STATE OFFICIALS PULL BACK ON PEIA CHANGES CAUSING LOST INCOME – Change 1% Pay Raise A Little

According to a statement by West Virginia House Speaker Tim Armstead, House leaders, the Republican caucus and Governor Justice are recommending that the Finance Board of the Public Employees Insurance Agency keep the current premium structure for the next fiscal year.

Armstead stated, “This action will provide lawmakers and officials an extra year to provide input and work toward a more equitable plan that best serves our teachers and state employees, as well as the taxpayers.”

The PEIA plan for this next year would have been a significant loss of income for many teachers and state employees.

The Finance Committee of the House of Delegates Wednesday has approved a plan to give pay raises to teachers, school service personnel, and state police officers.

For teachers, the plan would provided a 2 percent pay increase for the coming fiscal year, followed by 1 percent increases for each of the following three years.

Gov. Jim Justice’s original plan called for 1 percent increases each year for the next five.

For state police and school service personnel, the bill would proved a 2 percent raise in the upcoming fiscal year, with a 1 percent increase next year.

WV TEACHERS UP IN ARMS ABOUT 1% ANNUAL PAY RAISE

2-6-2018- WV teachers held rallies around the state over the weekend, seeking support for a pay increase more than 1% annually for the next five years.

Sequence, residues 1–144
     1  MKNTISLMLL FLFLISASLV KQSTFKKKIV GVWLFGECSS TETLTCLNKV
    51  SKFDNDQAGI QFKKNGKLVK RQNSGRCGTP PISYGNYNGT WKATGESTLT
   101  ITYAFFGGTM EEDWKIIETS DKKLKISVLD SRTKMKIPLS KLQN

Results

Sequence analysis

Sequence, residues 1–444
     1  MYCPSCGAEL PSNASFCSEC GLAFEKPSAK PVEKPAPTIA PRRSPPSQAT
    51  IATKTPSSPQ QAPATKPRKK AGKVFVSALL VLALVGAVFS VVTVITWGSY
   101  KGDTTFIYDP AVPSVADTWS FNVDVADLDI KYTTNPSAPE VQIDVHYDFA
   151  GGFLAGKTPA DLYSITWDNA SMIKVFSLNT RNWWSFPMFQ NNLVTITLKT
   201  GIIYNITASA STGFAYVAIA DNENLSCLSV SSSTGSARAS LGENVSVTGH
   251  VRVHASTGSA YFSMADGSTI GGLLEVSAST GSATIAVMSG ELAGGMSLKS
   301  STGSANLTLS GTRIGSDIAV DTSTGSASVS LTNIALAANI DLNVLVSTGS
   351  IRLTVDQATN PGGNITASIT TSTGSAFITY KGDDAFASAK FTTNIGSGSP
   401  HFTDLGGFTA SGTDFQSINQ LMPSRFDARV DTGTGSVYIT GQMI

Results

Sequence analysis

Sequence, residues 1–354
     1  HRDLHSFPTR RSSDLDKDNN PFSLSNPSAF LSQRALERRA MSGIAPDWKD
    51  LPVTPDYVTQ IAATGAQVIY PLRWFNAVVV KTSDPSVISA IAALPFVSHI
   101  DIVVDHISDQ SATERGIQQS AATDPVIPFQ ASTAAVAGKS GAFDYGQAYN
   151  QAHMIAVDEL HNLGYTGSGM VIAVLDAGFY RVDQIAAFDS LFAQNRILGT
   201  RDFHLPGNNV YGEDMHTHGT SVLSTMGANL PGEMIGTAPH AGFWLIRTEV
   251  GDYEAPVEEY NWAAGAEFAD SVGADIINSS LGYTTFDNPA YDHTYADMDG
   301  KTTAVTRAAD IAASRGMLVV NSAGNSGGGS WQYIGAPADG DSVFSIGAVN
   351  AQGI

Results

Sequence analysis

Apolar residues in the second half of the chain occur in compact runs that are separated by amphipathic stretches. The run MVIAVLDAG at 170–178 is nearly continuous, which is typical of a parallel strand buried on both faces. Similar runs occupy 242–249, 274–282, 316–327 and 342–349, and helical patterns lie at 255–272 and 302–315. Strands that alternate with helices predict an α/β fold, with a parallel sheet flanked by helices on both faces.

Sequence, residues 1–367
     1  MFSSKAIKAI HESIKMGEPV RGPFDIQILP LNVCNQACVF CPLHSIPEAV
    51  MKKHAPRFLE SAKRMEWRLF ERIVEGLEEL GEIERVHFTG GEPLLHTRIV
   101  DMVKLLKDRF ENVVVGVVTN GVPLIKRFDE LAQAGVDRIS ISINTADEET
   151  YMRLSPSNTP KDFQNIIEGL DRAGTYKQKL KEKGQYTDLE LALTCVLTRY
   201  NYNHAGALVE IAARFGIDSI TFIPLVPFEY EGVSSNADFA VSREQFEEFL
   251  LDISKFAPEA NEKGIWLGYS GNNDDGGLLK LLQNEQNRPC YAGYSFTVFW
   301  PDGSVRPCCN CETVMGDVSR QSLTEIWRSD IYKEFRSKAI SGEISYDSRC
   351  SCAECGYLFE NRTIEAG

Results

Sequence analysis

Calhoun-Gilmer teachers and other state employees met last week, deciding to follow the lead of state unions regarding walk-outs or a strike.

House Minority Leader and Harrison County Delegate Tim Miley stood among teachers, service personnel and other supporters Saturday in Clarksburg.

Miley called out Governor Jim Justice on ‘untruths and lies’ about teacher pay raises.

Miley said he gets their frustration — not only with teacher pay but also about rising costs of the Public Employees Insurance Agency. “Their benefits are being eroded, and (there’s) no corresponding meaningful increase in pay,” he said. “There will be a $60 million deficit and perpetuity in PEIA if something is not done to permanently fix it.”

Teachers said they felt ignored by the WV Legislature, calling the “1% offer a slap in the face.”

Republicans in the Legislature have said the raise is what they can offer right now as the state emerges from several difficult budget years.

On Friday, the state Senate passed a 1-percent pay increase for each of the next five years for teachers, service personnel and uniformed and administrative State Police. Teachers rallying on Saturday called the amount “a slap in the face.” “(Gov. Jim Justice) had a press conference scheduled (on Friday). He couldn’t bear to face the teachers, and he’s acting like this is a surprise,” Miley said. “Why are we here almost halfway through this session and he’s done nothing about it?” Governor Justice claimed that there were Democrats last year who did not support pay raises for teachers. Miley sad that “was just, simply not true.”

WV teachers are among the lowest paid in the USA, and many have gone to other states for better pay, in addition to there being about 700 teacher positions vacant in the Mountain State.